Orchha, a tiny town in the central Indian state of Madhya Pradesh, takes
you completely by surprise with its medieval ambience. Instead of the drab
concrete houses, dusty lanes and untidy shops usually found in rural India,
forts, palaces and temples jostle with each other in the bustling town square.
This is a place wrapped
in legends of feudal chivalry and romance, one that packs more history into every square metre than many better-known
places, including Agra and Udaipur.
The nearby destination
of Khajuraho, famous for its erotic sculptures, usually overshadows Orchha.
Only those in-the-know make the trip to this town caught in a time warp where
some of the country’s best-preserved Bundelkhandi (a medieval dynasty of
central India) architecture and murals can be found.
As you travel west from Khajuraho and cross the Betwa River, the high walls of
the Orchha Fort
rise up abruptly. The busy road is lined with shops selling garish synthetic
saris and mobile phone sim cards, and signs advertise instant noodles, cough
syrup and skin lightening creams. With motorbikes, auto-rickshaws and battered
jeeps zooming in and out, it is hard to imagine that you are arriving at a medieval
heritage site dating back to the early 16th Century. Car horns
mingle with temple bells and villagers dressed in their finest clothes queue up
outside the famous Ram Raja Temple
to offer flowers to the reigning deity. The buzzing local life is as
intoxicating as its co-existing history.
The bustling Orchha
Fort complex, home to several palaces and monuments, was established by King
Rudrapratap Singh in 1501. Orchha was an ideal place to build a capital as the
town is sheltered by thick forest, which is probably the reason that these
age-old monuments still exist in excellent condition, despite there being no
major preservation efforts.
years, several generations of kings and their queens lived in this complex,
with a vast retinue of officials, servants, horses and elephants. The entrance
gate takes you to a large courtyard from which you enter the Raja Mahal (King’s
Palace). Inside the royal chambers, you can see intricate murals of gods,
mythological creatures, humans and animals, depicting religious and social
themes. The upstairs rooms still have remnants of mirrors in the ceilings and
walls; take a minute to imagine the effect when dancing girls swirled around.
Just a short
walk away is Jehangir Mahal, a palace built
for the Mughal emperor Jehangir’s one-night visit to Orchha in the 17th
Century – such was the obsequious flattery shown towards the emperor of India
by the local rulers. This four-storey architectural masterpiece is a mix of
Muslim and Rajput architecture and has countless rooms with arched entrances,
balconies and latticed windows that frame miniature painting-like views of the
monument-studded riverbank outside. A steep climb to the top floor via narrow
stairways is worth it for the rewarding views over the town. Exit from what is
now the back (but was originally the main entrance with an impressive carved
gate), past the royal baths to the small abode of the courtesan Rai Parveen,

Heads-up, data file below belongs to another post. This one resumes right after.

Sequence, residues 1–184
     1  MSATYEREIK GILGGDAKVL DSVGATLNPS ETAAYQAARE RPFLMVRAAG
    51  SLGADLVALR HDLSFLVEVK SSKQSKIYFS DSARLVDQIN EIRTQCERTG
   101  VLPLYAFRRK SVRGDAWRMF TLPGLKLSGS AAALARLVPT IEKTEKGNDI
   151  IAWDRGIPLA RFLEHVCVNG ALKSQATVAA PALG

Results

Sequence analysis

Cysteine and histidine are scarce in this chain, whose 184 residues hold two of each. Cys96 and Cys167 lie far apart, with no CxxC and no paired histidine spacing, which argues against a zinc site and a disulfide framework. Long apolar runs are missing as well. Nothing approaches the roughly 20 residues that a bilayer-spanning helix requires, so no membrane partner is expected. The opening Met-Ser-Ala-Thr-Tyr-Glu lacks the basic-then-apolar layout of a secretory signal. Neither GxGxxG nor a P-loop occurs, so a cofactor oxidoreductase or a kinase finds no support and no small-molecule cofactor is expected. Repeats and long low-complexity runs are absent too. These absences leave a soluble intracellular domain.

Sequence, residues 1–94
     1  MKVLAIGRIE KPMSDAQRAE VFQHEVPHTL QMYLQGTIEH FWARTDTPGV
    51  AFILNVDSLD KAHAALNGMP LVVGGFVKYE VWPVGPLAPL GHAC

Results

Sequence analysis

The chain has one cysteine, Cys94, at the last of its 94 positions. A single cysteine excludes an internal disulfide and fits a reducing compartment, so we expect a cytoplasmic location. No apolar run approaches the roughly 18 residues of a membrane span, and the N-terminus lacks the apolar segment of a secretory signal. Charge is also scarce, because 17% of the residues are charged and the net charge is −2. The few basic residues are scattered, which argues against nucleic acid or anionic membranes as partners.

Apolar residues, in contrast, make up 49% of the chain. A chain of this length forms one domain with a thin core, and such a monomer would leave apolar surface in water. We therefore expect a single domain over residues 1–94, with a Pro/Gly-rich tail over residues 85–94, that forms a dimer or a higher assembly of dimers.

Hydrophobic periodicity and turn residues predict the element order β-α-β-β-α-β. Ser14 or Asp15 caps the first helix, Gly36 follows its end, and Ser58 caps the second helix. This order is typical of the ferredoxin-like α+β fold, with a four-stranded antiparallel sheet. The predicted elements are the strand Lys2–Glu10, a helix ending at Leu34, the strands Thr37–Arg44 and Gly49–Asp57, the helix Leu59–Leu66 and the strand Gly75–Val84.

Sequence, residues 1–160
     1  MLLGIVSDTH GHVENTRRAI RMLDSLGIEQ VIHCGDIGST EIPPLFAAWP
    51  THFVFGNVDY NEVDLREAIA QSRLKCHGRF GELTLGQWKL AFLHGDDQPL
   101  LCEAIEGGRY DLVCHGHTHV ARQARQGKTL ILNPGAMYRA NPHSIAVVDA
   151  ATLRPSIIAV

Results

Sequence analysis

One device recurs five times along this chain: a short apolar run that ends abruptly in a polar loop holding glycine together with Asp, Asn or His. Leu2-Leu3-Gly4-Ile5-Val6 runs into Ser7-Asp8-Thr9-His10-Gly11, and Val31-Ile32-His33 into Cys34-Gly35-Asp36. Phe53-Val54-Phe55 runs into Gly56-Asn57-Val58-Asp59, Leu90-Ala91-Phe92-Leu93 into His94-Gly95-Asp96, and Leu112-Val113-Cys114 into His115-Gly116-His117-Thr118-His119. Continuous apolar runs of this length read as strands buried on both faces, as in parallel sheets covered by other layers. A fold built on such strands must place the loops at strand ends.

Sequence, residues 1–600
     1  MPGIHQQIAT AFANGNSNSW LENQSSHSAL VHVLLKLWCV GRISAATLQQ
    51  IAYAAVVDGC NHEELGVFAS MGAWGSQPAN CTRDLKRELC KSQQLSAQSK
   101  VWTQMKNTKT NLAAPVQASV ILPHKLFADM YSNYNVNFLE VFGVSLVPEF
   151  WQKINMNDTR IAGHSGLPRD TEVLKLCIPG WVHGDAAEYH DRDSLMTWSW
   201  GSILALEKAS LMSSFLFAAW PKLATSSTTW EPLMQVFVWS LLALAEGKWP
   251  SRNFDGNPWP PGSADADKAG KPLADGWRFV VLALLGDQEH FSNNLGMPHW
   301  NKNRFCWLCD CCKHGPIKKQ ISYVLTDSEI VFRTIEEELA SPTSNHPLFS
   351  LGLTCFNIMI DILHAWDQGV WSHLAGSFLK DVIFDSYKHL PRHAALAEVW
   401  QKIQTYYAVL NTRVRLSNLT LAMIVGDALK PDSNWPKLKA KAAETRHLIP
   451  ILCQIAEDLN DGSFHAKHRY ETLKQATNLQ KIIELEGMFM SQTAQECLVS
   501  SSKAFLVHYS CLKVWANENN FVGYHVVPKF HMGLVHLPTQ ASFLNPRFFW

set in a garden designed in the classic Mughal style. Here you can see a
life-size portrait of the lady, her sharp features etched out in profile, a transparent
gown showing the curves of her body. So famous was this courtesan that Jehangir’s
father Emperor Akbar (1556 to 1605) forced her to move to his court in Agra.
Parveen, however, composed a couplet for the emperor asking him why he should
want to enjoy a meal that was already tasted, and earned her release to return
Just outside the fort entrance, looming over the
skyline on a high stone platform, is the Chaturbhuj Temple, an imposing structure with stark
interiors as no deity was ever worshipped inside. The god Rama, for whom the
temple was built, chose instead to reside in a part of the Raja Mahal, appearing to
the queen in a dream where he refused to move to his grand, newly built accommodation.
Thus a section of the palace was converted into the Ram Raja Temple, which continues
to be a lively and bustling venue packed with worshippers who come to pay
respects to “King Ram” who rules the town. A 10-minute auto-rickshaw ride from Chaturbhuj is the
smaller Laxmi Narayan Temple,
which is a unique mix of temple and fort architecture – one curious feature
being the canon slots on its roof. There is no statue of the deity here since
the last one was stolen some decades ago, but you can see barn owls flying
around, which are coincidentally the mount of Laxmi, the goddess
As you walk
down to the river banks from the temple you may catch a glimpse of local life
at its colourful best. On auspicious days, villagers throng here to pray, while
vendors sell vermillion powder, sweets, beads and bangles and folk musicians
strike up their instruments to accompany bhajans
(hymns) sung soulfully by wandering mendicants. Just steps away, huddled
together on the banks of the river are the grim but imposing chhatris (cenotaphs) of the medieval
rulers who left their mark on this place. There are 14 dark and mossy stone chhatris,
each with a square platform and stairs leading to the domed ceilings. Vultures
roost above, adding to the funereal atmosphere. Come at early morning or sunset
to see the chhatris bathed in a beautiful golden glow.